It is time to end the slavery of women! The only way for this to happen is for more people in the Muslim community to speak up. It must start within families, it must start by holding fathers, brothers and uncles accountable. The culture that surrounds Islam can change but it will only change when the women and her male allies speak up, demand respect and declare freedom. How many millions of women need to be murdered for change to happen?

 It ends with Mahsa Amini.

It ends with Sareh Sedighi-Hamadani

It ends with Farkhunda Malikzada.

It ends with Frozan Safi.

 The time is now. 

If you’d like to be part of a live discussion to talk about this issue and share your thoughts, please join us on Clubhouse on Friday 9/30 at 6pm pacific time. Click here to join. (You must have the Clubhouse app downloaded)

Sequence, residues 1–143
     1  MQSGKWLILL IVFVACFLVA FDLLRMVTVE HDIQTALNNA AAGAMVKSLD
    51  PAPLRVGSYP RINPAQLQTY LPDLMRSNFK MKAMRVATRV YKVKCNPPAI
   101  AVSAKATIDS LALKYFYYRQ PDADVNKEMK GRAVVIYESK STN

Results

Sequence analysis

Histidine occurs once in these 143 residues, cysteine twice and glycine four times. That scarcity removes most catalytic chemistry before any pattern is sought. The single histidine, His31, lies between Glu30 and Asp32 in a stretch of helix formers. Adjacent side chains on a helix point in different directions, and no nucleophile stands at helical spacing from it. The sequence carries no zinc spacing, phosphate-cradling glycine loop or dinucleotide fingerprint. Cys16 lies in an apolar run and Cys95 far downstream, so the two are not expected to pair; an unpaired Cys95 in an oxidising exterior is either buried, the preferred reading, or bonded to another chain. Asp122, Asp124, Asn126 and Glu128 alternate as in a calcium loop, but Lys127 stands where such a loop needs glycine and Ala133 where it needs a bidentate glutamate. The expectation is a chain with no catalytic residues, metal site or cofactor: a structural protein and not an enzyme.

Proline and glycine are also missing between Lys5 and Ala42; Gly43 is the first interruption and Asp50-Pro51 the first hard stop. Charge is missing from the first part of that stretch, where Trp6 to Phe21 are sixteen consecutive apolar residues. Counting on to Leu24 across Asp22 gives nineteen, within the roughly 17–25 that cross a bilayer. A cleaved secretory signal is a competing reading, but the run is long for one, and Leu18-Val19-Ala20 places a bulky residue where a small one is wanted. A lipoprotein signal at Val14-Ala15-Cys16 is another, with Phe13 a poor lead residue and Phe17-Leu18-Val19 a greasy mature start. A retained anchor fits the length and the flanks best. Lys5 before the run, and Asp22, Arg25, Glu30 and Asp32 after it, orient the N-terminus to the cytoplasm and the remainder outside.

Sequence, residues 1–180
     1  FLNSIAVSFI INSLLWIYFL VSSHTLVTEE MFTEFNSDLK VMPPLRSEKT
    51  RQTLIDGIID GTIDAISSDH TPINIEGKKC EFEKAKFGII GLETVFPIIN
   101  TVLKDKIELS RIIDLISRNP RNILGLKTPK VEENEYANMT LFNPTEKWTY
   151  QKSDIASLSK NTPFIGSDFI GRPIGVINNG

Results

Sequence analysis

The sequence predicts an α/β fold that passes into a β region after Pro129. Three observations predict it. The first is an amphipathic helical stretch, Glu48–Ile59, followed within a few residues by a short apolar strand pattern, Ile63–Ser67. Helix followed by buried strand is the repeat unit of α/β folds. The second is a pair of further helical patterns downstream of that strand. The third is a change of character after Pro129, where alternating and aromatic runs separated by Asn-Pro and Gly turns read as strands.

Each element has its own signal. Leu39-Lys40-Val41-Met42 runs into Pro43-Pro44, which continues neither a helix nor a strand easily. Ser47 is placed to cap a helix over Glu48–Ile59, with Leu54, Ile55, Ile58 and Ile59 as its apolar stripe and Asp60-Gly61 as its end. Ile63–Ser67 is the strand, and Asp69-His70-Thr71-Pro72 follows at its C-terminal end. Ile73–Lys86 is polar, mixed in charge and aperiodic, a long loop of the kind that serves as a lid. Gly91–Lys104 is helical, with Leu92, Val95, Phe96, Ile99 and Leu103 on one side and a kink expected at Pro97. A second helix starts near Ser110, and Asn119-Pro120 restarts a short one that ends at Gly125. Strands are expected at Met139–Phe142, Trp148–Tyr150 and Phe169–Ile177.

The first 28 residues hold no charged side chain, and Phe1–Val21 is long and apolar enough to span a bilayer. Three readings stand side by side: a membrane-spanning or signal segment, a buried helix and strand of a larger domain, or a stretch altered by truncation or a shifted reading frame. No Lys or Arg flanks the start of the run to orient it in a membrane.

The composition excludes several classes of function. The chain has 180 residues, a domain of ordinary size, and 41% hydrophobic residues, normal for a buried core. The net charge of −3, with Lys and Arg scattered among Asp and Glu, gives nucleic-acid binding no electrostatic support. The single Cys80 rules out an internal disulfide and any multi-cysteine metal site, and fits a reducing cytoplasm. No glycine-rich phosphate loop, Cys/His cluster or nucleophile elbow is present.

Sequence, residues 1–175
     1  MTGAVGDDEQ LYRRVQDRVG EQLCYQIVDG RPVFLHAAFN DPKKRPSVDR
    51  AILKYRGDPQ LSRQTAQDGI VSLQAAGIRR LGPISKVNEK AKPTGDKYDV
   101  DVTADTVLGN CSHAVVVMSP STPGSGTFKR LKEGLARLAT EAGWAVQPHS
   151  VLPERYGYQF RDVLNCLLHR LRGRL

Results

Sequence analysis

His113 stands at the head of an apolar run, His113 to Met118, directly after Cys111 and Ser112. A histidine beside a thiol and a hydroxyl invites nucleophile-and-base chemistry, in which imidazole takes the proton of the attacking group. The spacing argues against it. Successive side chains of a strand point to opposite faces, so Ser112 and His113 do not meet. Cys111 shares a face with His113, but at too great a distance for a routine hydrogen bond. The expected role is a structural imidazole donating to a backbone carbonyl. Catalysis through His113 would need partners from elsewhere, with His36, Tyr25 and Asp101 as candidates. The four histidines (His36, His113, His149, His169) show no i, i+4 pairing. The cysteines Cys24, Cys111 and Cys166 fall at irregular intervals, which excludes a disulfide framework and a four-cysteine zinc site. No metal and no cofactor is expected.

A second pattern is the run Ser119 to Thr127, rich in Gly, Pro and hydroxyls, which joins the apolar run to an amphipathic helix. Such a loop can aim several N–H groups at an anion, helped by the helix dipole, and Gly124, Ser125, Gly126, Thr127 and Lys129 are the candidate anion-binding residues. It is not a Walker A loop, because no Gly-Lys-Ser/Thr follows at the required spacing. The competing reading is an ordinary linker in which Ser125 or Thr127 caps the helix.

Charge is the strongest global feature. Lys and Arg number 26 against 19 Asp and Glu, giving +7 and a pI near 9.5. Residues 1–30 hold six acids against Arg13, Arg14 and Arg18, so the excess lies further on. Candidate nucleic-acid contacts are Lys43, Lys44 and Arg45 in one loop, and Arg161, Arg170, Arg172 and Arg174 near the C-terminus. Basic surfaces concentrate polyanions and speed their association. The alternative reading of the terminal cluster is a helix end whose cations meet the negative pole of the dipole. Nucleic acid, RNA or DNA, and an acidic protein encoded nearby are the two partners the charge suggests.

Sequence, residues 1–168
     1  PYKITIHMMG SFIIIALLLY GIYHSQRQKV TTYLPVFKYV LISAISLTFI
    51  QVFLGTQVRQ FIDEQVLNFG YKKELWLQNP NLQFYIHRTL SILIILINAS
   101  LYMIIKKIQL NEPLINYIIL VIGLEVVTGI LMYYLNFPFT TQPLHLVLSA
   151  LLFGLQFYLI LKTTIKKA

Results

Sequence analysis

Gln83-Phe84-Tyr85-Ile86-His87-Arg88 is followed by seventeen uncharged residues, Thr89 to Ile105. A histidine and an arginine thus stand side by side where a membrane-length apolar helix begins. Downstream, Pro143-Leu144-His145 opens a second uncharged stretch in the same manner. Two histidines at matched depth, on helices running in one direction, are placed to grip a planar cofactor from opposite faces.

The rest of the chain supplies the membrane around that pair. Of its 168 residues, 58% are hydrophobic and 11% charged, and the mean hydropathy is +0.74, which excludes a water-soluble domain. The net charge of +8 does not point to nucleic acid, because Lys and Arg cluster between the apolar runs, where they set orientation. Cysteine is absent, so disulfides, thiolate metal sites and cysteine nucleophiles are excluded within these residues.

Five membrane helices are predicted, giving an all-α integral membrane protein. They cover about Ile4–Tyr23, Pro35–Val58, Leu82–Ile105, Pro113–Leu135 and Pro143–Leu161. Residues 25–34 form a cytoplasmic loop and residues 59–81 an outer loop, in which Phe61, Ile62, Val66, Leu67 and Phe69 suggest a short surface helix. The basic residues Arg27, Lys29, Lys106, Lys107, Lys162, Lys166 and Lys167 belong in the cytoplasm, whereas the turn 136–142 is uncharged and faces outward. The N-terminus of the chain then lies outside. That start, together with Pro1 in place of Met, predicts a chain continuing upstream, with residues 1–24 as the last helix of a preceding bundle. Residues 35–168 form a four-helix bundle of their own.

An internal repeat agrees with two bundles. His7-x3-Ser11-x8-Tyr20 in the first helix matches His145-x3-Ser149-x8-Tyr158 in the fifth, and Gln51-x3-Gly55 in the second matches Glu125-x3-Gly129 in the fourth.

In controversial times like this, violence against innocent Muslims increases and as a society we must act civilized, not harm others and encourage the same of our communities. In civilized societies, we should be able to criticize institutions without physically harming one another. It is the only way to grow, evolve and become a better society.

Sexy Boss Babe is a women empowerment beauty brand that supports foster youth and sex trafficking survivors. Listen to the Sexy Boss Babe Podcast for more female centric topics.